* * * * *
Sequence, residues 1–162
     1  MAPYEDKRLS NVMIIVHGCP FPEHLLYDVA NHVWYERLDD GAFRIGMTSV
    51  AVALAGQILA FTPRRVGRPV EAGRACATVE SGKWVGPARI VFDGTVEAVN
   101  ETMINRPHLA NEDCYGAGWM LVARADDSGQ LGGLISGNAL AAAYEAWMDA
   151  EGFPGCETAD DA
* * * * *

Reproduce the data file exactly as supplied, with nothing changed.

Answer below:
Sequence, residues 1–162
     1  MAPYEDKRLS NVMIIVHGCP FPEHLLYDVA NHVWYERLDD GAFRIGMTSV
    51  AVALAGQILA FTPRRVGRPV EAGRACATVE SGKWVGPARI VFDGTVEAVN
   101  ETMINRPHLA NEDCYGAGWM LVARADDSGQ LGGLISGNAL AAAYEAWMDA
   151  EGFPGCETAD DA